Last March, many witnessed the slap that was heard round the world. The unrehearsed and unscripted incident played out in front of the planet’s best actors, with 17 million viewers watching from home. It occurred in supposedly one of most civilized and curated places in the land. But everyone saw that even “winners” are not immune from knee-jerk reactions when messages perceived as offensive produce hurt feelings.
The incident will ultimately change the way we look at these shocking outbursts after words perceived as insults are spoken.
It will also be life-changing for another group of people out of the glare of the lights and cameras — family members who routinely slap others in their own homes. Ranging from verbal to physical abuse, they push, bully and bruise mothers, fathers, siblings and children on a regular basis.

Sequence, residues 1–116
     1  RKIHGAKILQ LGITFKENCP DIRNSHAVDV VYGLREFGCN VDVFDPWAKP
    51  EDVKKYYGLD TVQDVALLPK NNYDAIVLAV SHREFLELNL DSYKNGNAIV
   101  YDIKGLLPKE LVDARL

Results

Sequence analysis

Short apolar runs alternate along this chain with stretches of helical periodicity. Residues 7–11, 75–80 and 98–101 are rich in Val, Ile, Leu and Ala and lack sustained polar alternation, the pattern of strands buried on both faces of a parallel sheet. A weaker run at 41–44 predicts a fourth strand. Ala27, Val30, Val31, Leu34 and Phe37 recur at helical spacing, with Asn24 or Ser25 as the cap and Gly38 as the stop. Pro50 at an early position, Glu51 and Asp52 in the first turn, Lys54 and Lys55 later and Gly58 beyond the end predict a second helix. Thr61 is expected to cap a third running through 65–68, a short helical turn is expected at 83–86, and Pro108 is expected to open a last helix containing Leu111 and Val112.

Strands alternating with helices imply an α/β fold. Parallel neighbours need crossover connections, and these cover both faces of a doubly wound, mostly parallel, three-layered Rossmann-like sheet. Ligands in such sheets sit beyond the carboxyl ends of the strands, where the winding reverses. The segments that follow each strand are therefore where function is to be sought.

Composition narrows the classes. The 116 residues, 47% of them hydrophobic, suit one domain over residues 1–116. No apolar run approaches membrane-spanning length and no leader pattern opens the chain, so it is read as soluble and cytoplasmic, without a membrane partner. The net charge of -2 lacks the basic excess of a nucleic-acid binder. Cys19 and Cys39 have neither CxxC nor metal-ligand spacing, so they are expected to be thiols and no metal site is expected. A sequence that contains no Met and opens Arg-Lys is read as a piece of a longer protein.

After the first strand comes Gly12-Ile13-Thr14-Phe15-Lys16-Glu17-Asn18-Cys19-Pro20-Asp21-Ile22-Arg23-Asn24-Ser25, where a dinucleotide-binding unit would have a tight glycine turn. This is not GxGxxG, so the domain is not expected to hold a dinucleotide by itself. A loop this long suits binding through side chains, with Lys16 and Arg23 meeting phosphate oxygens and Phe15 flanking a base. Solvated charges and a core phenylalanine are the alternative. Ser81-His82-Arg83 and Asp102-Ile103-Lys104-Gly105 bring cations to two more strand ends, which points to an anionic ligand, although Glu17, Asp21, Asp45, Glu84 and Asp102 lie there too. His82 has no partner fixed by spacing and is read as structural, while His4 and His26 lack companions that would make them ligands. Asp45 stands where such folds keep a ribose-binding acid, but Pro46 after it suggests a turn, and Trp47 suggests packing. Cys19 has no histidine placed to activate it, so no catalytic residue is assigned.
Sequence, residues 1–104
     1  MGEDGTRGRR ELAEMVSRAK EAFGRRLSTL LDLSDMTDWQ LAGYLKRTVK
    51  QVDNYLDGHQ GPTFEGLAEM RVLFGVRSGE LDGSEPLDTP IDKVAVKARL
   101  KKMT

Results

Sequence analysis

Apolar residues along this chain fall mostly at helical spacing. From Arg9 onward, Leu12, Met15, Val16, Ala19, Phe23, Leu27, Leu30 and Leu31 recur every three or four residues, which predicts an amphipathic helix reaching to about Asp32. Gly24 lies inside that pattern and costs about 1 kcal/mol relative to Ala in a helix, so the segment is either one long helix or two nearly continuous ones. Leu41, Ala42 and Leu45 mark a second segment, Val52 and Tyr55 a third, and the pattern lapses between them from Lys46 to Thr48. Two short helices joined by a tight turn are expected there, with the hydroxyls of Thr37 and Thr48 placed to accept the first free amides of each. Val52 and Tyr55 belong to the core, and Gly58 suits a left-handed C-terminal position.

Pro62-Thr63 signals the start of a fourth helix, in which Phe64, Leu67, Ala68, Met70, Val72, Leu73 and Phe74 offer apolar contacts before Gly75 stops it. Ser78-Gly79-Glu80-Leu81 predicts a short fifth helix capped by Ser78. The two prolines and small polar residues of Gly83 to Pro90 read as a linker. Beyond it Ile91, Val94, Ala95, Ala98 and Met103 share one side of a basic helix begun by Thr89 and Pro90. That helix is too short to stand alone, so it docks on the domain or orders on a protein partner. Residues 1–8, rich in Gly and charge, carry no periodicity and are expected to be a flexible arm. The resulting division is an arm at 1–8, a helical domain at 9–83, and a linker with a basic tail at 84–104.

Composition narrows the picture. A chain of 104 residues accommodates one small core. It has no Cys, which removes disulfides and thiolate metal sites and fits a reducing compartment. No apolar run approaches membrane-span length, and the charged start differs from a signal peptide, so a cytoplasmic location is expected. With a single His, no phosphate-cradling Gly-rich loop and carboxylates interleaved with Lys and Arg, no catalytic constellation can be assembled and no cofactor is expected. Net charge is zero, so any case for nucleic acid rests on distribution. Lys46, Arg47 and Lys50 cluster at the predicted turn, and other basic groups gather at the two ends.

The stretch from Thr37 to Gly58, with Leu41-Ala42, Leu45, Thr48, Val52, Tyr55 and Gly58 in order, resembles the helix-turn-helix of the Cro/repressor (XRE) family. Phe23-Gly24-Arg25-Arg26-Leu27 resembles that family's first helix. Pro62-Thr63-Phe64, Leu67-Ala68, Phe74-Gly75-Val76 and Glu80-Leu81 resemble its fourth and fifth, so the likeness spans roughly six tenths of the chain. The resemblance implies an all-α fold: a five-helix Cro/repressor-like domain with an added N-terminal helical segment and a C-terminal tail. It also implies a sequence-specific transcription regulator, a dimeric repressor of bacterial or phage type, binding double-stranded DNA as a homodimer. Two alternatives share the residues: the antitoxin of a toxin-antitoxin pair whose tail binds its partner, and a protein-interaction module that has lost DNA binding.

How should they react to regain balance? They can yell, strike back, disarm the incident with a humor or simply leave the scene, while hoping that the behavior will cease. But millions suffer in silence. They may become enablers of further violence if they don’t know where or how to draw the line. There are words and ways to handle abuse so they can calmly take their rightful place as heroes, not merely survivors.